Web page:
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Energy Information Administration predicts record high US power use in 2024 and 2025.

Record Highs in US Power Consumption Expected in 2024 and 2025

US Power Consumption Projection

The U.S. Energy Information Administration (EIA) has projected that power consumption in the United States will reach record highs in 2024 and 2025, according to its Short Term Energy Outlook (STEO) released on Tuesday.

Projected Increase in Power Demand

The EIA anticipates a surge in power demand to 4,112 billion kilowatt-hours (kWh) in 2024 and 4,123 billion kWh in 2025, compared to 3,994 billion kWh in 2023 and a previous record of 4,070 billion kWh in 2022.

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Shift in Energy Usage

The rise in power consumption is attributed to the increasing use of electricity for heating and transportation, as opposed to traditional fossil fuels. The EIA forecasts residential power sales to reach 1,530 billion kWh in 2024, commercial power sales to hit 1,396 billion kWh, and industrial power sales to amount to 1,035 billion kWh.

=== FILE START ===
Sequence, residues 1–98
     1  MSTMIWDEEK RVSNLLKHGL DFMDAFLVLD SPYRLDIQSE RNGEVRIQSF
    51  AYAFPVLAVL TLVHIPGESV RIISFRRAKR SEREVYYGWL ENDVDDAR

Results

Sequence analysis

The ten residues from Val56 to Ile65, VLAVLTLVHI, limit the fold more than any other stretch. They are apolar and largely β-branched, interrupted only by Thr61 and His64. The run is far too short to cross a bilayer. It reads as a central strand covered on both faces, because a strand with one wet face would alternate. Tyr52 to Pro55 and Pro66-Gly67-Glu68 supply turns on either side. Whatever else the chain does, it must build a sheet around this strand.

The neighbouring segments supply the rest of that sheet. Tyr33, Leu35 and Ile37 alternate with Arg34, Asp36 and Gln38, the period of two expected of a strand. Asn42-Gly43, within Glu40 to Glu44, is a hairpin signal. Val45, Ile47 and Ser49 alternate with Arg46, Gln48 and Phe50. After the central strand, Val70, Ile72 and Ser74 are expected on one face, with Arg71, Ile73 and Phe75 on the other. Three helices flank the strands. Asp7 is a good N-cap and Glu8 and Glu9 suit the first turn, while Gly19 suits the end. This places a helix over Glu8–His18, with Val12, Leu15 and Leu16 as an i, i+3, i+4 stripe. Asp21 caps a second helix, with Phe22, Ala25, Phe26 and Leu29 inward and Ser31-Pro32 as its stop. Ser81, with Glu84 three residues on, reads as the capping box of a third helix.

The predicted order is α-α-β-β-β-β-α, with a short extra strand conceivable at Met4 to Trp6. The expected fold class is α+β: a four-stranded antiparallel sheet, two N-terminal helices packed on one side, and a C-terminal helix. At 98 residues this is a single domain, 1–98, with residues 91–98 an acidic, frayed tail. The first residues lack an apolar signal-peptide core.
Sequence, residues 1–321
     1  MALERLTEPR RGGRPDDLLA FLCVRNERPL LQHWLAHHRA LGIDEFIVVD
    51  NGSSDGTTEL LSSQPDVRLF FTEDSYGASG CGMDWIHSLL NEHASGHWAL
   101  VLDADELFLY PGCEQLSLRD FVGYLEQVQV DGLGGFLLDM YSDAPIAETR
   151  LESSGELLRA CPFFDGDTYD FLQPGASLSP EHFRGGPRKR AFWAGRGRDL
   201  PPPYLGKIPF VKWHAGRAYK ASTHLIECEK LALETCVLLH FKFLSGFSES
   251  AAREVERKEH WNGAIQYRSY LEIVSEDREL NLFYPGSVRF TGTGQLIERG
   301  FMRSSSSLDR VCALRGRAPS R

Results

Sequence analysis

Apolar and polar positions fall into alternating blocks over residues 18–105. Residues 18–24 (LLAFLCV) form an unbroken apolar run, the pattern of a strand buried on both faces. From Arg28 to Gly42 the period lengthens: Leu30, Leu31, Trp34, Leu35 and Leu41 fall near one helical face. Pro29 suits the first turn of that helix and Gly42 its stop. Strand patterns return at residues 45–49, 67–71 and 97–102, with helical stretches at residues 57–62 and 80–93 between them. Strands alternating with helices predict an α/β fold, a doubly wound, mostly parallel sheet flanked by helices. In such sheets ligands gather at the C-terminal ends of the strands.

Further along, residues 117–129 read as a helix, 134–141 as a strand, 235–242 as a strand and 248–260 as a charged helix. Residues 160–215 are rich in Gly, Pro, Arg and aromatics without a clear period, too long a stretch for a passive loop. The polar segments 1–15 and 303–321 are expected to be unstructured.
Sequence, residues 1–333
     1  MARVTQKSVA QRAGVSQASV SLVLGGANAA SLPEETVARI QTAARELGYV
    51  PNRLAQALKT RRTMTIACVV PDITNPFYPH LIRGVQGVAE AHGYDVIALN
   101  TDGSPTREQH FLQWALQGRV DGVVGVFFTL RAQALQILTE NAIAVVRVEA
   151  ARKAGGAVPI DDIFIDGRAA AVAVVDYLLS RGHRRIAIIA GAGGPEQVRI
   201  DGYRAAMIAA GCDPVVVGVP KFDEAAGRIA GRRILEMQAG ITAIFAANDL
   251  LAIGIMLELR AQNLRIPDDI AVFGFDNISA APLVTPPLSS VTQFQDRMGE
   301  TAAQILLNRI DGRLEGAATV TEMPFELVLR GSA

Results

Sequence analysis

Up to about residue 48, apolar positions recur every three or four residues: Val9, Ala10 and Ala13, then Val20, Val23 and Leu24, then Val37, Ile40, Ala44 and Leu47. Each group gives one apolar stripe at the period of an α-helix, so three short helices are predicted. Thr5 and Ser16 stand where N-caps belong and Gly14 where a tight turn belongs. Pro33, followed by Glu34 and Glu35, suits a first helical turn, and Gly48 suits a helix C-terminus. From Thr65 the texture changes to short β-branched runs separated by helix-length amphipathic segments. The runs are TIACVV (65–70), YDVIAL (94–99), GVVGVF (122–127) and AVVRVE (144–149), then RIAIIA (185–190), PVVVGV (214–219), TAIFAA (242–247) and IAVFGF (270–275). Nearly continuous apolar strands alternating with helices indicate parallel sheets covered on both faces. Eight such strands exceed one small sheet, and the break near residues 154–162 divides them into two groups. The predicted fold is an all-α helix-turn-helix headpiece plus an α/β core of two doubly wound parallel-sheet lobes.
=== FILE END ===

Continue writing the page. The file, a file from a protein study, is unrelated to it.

These figures mark a significant increase from previous highs, reflecting a notable shift in energy consumption patterns across different sectors.

Renewable Energy on the Rise

The EIA’s projections also indicate a rise in renewable energy generation, with the percentage of renewable generation expected to increase from 22% in 2023 to 24% in 2024 and 26% in 2025. This growth is set to impact the share of power generated from different sources, with renewables playing a more significant role in the overall energy mix.

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Impact on Gas Sales

Furthermore, the EIA forecasts a rise in gas sales for residential and commercial consumers, as well as power generation, in 2024. However, industrial gas sales are expected to decrease, reflecting the evolving landscape of energy usage and demand across various sectors.

These projections shed light on the changing dynamics of energy consumption and generation in the United States, pointing towards a future where renewable energy plays a more prominent role in meeting the nation’s power needs.

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